Learning the Value of “Yes Means Yes”
The first time I had sex while sober I was eighteen and since I lost my virginity when I was fifteen that accounts for three years of drunken sexual activity for a total, within that time frame, of nine sexual partners plus one or two others depending on your definition of sex.
Most straight people I know define sex as performing the act of intercourse, but that doesn’t cover the whole gamut of possibilities. It’s a limiting view of sex, a view that takes the perspective of the heterosexual male, but where is the line drawn and how should we define sex as opposed to making out or fooling around when there are a multitude of different perspectives to account for?
How intimate do you have to be with another person for it to be considered sex? Maybe, I should be more specific and say that between the age of fifteen and eighteen I had intercourse with nine different men and for each and every encounter I was under the influence of either drugs or alcohol. I am not mentioning this fact to bring up the issue of my ability to consent, because hell, I was young, I was having a good time and I wanted to get laid, but there was definitely something self-destructive about my behavior.
The self-destruction didn’t necessarily lie in the substance abuse nor did it lie in the fact that I had several sexual partners, but mostly, knowing myself the way I do now, it was self-destructive, because I wasn’t using the power of yes.
In sexual discourse, when it comes to giving you agency over your own sexuality, women are taught that they can say NO. I agree, that is a very powerful lesson to learn. No means no. I got it, although sadly not enough people get it, but what I want to talk about is saying YES!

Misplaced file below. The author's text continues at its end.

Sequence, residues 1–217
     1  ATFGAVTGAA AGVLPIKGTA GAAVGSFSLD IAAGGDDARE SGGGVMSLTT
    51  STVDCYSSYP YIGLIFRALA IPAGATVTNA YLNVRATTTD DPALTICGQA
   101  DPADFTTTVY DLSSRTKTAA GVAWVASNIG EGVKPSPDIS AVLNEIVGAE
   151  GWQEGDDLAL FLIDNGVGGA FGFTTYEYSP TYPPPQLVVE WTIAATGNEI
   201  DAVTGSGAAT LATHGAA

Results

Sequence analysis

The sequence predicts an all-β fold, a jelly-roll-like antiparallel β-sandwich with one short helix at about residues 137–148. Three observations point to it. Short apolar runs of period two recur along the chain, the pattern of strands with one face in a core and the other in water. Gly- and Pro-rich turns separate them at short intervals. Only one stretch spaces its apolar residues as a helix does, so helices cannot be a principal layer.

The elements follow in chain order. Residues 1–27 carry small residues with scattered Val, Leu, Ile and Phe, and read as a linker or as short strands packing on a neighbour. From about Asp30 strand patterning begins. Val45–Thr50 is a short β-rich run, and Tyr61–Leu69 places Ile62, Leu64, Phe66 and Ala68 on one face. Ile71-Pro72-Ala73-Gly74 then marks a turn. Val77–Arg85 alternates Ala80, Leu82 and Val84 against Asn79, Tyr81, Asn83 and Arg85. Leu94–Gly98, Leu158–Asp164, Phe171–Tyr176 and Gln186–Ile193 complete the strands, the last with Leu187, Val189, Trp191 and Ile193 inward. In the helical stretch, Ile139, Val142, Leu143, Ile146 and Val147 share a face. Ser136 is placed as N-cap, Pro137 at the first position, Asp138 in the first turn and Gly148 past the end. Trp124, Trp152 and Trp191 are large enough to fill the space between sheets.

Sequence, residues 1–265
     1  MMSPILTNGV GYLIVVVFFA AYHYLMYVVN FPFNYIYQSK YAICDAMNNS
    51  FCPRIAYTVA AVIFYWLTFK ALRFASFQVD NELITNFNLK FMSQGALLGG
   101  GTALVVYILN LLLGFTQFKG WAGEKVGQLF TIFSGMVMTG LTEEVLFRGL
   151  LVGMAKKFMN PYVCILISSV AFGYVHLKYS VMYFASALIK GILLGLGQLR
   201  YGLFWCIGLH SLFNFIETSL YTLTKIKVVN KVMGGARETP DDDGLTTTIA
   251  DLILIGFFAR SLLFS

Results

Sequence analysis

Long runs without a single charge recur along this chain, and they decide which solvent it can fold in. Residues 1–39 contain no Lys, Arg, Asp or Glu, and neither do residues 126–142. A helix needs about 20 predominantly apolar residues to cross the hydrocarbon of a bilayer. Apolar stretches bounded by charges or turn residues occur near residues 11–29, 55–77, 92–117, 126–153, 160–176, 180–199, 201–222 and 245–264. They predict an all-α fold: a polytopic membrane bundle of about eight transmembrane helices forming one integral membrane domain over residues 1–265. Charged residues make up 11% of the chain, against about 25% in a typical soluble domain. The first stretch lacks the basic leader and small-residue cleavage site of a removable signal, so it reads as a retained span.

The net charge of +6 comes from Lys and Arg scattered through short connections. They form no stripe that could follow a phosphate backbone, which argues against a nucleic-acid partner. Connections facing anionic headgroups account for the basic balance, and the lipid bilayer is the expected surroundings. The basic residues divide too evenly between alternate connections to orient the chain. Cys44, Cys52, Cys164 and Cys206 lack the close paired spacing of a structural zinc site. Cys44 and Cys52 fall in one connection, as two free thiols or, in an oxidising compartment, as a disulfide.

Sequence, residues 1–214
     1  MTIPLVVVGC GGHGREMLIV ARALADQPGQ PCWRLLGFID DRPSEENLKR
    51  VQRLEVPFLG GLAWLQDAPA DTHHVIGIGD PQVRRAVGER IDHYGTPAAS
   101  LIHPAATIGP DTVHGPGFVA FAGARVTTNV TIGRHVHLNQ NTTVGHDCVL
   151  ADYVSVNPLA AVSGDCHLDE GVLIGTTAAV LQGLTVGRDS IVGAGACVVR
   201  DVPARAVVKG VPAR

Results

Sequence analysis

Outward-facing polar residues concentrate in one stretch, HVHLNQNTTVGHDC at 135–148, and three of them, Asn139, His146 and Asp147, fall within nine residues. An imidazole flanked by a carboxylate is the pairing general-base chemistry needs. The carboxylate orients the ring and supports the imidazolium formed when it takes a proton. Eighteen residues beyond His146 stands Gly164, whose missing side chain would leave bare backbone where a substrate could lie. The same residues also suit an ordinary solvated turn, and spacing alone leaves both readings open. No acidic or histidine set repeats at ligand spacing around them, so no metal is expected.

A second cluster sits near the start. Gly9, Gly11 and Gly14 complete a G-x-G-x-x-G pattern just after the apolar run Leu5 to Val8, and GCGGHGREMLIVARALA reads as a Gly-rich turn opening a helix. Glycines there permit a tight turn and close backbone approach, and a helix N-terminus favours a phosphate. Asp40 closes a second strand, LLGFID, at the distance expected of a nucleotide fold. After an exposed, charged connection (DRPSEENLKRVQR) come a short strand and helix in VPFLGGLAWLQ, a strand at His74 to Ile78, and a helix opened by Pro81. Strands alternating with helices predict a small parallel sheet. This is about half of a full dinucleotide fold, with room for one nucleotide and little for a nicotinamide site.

We should be taught and encouraged to explore ourselves sexually, either from second hand sources or through experience. There is also tremendous power in knowing what you want, and having the self-confidence to say yes to your sexual desires as opposed to being a passive player in your own sexual education.
It’s not enough to just do it.
That’s what I did for the longest time, I just did it. I had all these thoughts and feelings and desires inside of me, but I was petrified to express them to my sexual partner. Hell, I could talk about it with anyone and at anytime except where it counted most, in bed with another naked body. I could barely moan for fear of the way I sounded, for fear of ridicule. Worst of all, I was afraid of being a bad lover and that fear led me to try to hide my inexperience and vulnerability.
I’ve had sex for a variety of reasons in my time, not all of them stellar, but I’ve been lucky enough that ultimately I was willing and able. I was a sexually liberated woman, right? Casual sex wasn’t a big deal, but that desire for sexual expression and need of sexual pleasure got mixed up with self-doubt and indecision leading more often than not to unsavory experiences that left me feeling empty and sad.
Why? Because those experiences did not satisfy. Besides the fact that none of them ever led to an orgasm (for me anyhow), I didn’t have the confidence to really do what I wanted or enjoy what the hell was happening at the time. Once, my clothes came off, I was like a petrified dear in headlights trying to play it cool and that facade made it impossible for any true sexual or emotional connection to take place.
Of course, now that I have the confidence to say a big YES to all my wants and desires, I don’t drink anymore and I’m not nearly as slutty, which makes it harder to get laid in the first place.